Chaska, Minnesota | 16 September, 2019 | (952) 448-2650
More Weather
School enrollment slowed by economy
by Chuck Friedbauer
Feb 04, 2012 | 1024 views | 2 2 comments | 4 4 recommendations | email to a friend | print
download J2BV_School_enrollment_projections.pdf
Five years ago, district officials braced for a student body increase of 25 percent by 2020.

But a recent demographic study indicates there will be no growth in students – and possibly a decrease – by the 2020-21 school year.

The current enrollment is 8,976 students, with the latest demographic study predicting 8,879-9,051 students in 10 years.

District officials use demographic studies to help decide many things – from whether to build a new school, to where boundaries are drawn, to school budgets.

The 2007 study, by Barbara Lukermann, forecast 9,235-9,587 students by 2012, and between 10,129 and 11,169 students by 2020. The growth forecast was based on a robust regional economy and strong local housing market. “The school district is well positioned on the edge of the southwest metro growth sector with excellent transportation accessibility to major employment markets and attracting families with children, the study stated.

Two main factors led to the demographic nosedive.

“New housing units will not be substantial enough to drive growth here as it has in the past and the number of resident live births have declined in the past several years,” said Hazel Reinhardt of Hazel Reinhardt Consulting Services, who performed the 2011 study.



HOUSING UNITS

In 2007, local housing construction was expected to continue at a good pace, if not the robust pattern seen in previous years. In the 2007 study, Lukermann stated, “The school district has the capacity to accommodate an additional 12,000 housing units over the next 10 years based on the residential land supply, accessibility and investments in sewer and water services to undeveloped land. The issue for the school district is not if this growth will occur but at what pace.”

The 2011 study includes data that the growth slowed to a much smaller pace than expected. Per data supplied by the Carver County Geographic Information System, Reinhardt indicated the new single-family detached homes in Carver County averaged approximately 137 annually between 2007 and 2010, compared to 372 in the five years previous to that. The 2011 study indicates the five-year projection from this year to average about 151 new homes per year.

Reinhardt’s research led her to state, “Construction of single-family homes is the largest driver of enrollment growth in the district” and “these data also suggest that enrollment will grow very slowly or even decline in the next 10 years.”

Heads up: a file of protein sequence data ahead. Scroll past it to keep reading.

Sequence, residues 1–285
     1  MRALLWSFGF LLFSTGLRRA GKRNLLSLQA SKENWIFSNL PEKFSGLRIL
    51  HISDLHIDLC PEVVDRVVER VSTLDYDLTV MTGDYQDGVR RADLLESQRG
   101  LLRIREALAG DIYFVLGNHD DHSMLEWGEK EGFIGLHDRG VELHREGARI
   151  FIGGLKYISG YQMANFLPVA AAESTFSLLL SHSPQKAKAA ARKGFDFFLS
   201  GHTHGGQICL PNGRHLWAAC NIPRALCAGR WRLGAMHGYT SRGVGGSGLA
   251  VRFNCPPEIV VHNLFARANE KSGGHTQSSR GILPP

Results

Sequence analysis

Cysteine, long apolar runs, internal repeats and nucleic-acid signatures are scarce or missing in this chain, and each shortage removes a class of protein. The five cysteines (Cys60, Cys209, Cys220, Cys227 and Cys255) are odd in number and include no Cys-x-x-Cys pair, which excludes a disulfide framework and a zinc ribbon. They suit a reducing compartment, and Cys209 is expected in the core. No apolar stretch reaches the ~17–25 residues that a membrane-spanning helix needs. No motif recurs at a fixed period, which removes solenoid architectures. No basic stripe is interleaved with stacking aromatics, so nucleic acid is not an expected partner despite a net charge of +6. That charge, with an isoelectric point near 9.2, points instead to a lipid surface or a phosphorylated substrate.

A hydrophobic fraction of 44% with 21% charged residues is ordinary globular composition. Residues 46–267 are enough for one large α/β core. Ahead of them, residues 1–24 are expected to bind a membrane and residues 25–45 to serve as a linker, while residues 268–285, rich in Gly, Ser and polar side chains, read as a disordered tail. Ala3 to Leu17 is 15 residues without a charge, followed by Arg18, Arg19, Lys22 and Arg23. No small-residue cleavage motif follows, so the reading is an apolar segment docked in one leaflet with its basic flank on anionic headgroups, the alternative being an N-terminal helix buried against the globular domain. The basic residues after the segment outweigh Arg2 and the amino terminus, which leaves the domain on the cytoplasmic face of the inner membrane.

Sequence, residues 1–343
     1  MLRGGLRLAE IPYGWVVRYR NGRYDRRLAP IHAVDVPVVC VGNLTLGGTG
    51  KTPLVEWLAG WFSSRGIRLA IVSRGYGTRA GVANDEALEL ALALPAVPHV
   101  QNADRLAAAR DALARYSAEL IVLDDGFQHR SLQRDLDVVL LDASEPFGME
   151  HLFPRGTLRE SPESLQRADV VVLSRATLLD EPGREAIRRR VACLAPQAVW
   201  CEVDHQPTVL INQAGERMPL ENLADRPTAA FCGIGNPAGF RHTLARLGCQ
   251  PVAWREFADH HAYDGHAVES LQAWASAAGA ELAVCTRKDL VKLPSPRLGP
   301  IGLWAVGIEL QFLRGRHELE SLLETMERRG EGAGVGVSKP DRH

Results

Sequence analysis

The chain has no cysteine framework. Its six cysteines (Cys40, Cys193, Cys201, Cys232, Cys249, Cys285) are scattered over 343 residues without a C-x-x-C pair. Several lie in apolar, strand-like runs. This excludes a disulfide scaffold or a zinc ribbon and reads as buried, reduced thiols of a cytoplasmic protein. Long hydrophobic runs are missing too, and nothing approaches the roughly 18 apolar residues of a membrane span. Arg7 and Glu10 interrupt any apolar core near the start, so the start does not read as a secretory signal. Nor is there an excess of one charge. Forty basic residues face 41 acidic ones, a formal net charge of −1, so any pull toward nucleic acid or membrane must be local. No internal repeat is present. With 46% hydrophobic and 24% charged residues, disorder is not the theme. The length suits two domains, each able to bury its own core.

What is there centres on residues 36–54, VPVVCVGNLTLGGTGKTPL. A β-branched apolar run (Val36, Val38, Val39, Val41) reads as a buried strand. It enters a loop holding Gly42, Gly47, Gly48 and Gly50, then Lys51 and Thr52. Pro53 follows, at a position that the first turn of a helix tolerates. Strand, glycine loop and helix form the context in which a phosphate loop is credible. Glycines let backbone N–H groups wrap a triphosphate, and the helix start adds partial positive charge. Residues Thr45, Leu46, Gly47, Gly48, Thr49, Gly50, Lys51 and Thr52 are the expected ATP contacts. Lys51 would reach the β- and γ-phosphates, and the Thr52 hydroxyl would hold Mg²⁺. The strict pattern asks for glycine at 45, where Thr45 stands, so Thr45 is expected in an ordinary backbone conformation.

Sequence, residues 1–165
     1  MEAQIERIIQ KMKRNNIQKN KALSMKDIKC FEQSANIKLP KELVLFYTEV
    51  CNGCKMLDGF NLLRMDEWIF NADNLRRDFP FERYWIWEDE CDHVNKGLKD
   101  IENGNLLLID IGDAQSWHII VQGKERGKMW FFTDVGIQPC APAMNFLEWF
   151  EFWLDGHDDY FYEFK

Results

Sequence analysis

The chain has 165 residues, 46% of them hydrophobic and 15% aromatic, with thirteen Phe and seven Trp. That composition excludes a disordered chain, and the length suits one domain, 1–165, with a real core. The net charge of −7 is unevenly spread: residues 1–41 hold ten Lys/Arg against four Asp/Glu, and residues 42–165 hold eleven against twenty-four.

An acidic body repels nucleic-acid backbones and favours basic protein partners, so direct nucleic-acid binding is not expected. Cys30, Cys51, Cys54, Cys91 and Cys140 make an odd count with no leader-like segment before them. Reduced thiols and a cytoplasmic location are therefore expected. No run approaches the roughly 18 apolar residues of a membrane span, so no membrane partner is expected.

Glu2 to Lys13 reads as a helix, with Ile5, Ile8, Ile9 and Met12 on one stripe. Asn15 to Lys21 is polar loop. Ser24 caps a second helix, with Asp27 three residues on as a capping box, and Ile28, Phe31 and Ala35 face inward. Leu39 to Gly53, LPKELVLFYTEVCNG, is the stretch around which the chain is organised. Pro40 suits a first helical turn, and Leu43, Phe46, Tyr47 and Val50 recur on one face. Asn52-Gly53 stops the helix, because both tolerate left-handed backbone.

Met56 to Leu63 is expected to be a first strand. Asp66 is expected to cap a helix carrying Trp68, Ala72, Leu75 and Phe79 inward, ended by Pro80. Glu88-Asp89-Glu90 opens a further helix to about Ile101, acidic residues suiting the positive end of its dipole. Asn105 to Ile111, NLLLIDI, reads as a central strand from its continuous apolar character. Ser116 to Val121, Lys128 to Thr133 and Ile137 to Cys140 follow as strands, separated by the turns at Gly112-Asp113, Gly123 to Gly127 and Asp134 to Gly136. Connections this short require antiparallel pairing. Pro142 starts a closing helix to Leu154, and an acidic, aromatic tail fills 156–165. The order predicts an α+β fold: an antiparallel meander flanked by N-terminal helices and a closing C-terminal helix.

One method demographers use to project enrollment involves forecasting the number of kindergarten students in a school district using resident live births. Based on projections supplied by the Minnesota Demographic Center, Carver County resident live births were expected to be more than 1,500 annually now, but have actually been about 25 percent less. The 2011 study states that difference will result in smaller kindergarten classes until at least 2016.



DECISIONS

District 112 officials and school board members use the demographic studies as a first step in their review of the district's programs and facilities.

Superintendent Jim Bauck said he expects the district facility plan to be updated by July 1. He also said the school board will gather data over the next year to identify any decisions on changes to programs and attendance areas.

Bauck said he targets January 2013 for these decisions, with any resultant changes to be implemented no sooner than the 2013-14 school year.
Comments
(2)
Comments-icon Post a Comment
tvan
|
February 05, 2012
They keep using the same demographer and she is wrong every time.

The Chaska High School was built with an add-on in mind. But nevermind THAT, let's build another high school anyways. So we built the new high school which will probably be empty in a few years. Let's get a new demographer that knows what she is talking about.
JohnBrunette
|
February 04, 2012
Does this mean they will stop begging for more money?
Stay Connected Facebook Twitter RSS Email
Scoreboard.mn Minnesota Business Directory Savvy.mn Edible Communities Local Jobs Garage Sales ThriftMart Events Calendar Ending Image